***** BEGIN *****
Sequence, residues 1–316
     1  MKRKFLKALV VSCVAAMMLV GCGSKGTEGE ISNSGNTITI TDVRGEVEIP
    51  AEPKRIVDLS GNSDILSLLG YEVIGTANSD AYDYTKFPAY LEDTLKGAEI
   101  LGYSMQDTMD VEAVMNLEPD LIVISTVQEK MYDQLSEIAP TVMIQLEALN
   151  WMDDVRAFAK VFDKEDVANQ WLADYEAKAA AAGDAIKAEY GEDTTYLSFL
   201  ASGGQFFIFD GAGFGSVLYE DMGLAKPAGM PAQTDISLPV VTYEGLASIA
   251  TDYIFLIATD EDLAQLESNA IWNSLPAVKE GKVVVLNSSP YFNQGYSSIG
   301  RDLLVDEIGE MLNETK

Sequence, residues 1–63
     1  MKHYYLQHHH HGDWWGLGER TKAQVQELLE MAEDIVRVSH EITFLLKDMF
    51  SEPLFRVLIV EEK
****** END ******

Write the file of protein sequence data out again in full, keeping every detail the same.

Sequence, residues 1–316
     1  MKRKFLKALV VSCVAAMMLV GCGSKGTEGE ISNSGNTITI TDVRGEVEIP
    51  AEPKRIVDLS GNSDILSLLG YEVIGTANSD AYDYTKFPAY LEDTLKGAEI
   101  LGYSMQDTMD VEAVMNLEPD LIVISTVQEK MYDQLSEIAP TVMIQLEALN
   151  WMDDVRAFAK VFDKEDVANQ WLADYEAKAA AAGDAIKAEY GEDTTYLSFL
   201  ASGGQFFIFD GAGFGSVLYE DMGLAKPAGM PAQTDISLPV VTYEGLASIA
   251  TDYIFLIATD EDLAQLESNA IWNSLPAVKE GKVVVLNSSP YFNQGYSSIG
   301  RDLLVDEIGE MLNETK

Sequence, residues 1–63
     1  MKHYYLQHHH HGDWWGLGER TKAQVQELLE MAEDIVRVSH EITFLLKDMF
    51  SEPLFRVLIV EEK